Two vintage office buildings sit kitty-corner to each other at Clark and Adams. Both began as elegant, upper-end structures, but neither has been treated kindly by time.
The Edison Building
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D.H. Burnham became so found of. Lions were an extremely popular motif on Chicago buildings, a clear symbol of power.
Little of that renovation budget seems to have been spent on the building's facade, If the contract didn't actually go to someone's connected brother-in-law, it certainly looks like it did. The exterior renovations read as shockingly cheap, with damaged textured terra cotta replaced with bare slabs that make the facade look like a fool's motley.
Ryan Ori reported that the CPS has sold the Edison to Blue Star Properties, for far less than the CPS had wanted. (CPS will now be renting space in the former Boston Store building at State and Madison recently vacated by Sears.) Ori says that Blue Star claim to be investing more than $30 million making the interiors more contemporary loft office space, removing drop ceilings to restore the original 11-foot floor heights. No word if the facade is in line for much-needed TLC.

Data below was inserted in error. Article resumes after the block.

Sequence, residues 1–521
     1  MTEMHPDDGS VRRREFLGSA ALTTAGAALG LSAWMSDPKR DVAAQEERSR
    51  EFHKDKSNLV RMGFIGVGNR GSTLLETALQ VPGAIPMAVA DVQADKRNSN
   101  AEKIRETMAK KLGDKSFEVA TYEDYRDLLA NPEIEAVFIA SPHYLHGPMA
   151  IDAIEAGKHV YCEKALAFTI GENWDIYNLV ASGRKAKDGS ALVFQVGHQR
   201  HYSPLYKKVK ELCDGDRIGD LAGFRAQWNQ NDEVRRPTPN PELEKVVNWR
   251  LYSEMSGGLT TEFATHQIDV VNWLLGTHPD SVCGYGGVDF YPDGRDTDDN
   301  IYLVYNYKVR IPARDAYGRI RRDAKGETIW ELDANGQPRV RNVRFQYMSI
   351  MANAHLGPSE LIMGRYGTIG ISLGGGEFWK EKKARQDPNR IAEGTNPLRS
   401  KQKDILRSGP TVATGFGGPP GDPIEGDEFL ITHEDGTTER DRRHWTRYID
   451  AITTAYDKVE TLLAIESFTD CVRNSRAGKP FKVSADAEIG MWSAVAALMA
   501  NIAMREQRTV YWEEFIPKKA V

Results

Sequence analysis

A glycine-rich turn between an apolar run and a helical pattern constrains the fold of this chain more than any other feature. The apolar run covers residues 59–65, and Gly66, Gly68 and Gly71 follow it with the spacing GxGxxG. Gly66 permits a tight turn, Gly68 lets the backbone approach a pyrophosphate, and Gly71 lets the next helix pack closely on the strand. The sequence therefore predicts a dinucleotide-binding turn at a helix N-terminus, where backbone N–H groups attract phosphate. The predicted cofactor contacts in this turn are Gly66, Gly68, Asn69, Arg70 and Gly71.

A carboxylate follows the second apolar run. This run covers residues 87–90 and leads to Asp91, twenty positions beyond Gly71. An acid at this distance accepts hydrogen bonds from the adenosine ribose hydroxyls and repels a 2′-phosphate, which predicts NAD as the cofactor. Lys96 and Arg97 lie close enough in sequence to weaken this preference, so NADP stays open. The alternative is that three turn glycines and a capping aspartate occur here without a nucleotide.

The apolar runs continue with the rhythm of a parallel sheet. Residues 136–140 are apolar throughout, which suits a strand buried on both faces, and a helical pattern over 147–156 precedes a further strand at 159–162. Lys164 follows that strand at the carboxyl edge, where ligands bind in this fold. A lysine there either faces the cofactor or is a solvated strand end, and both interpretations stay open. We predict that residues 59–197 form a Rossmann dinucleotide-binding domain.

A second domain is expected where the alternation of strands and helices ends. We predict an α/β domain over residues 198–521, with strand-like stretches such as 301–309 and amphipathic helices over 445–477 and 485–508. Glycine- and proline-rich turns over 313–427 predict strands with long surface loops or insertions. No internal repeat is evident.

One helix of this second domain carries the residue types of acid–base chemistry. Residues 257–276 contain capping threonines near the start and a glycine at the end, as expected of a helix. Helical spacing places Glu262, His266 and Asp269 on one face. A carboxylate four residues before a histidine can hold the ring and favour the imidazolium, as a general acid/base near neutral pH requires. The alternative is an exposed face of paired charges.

The Bankers Building - 105 West Adams
As with new residential structures, many developers seem to have taken the tack that people don't really care what their building looks like on the outside, as along as they have good light, a view, and the kind of interior amenities they've come to expect.
Emporis cites it as the tallest Chicago building clad entirely in brick. In retrospect, that may not have been a great idea, as over time that brick suffered the same fate as the Edison's terra cotta, but at an even greater scale. On the inside, 105 West Adams remain a highly viable building, said to be 85% leased. On the outside, it's become a massive billboard of visual blight, a mosaic of filthy original brick and lighter slapdash repairs stippling the facade like cheap makeup applied with a trowel.
had an article (behind the Digital Plus wall, unfortunately) on how Murphy is also planning to make the long-vacant Art Deco Chicago Motor Club Building into a hotel. Ori says that at 105 West, Murphy's upgrades will include a new fitness center, and other renovations targeted to mid-size tenants who have seen their rental options shrinking.
It's probably too much to ask to expect something to be done about the facade, but in its present state, the exterior of 105 West Adams is a depressing presence. Set within the landmark architecture of the South Loop, it's a civic embarrassment of major proportions.
|Image courtesy the Chuckman Collection|
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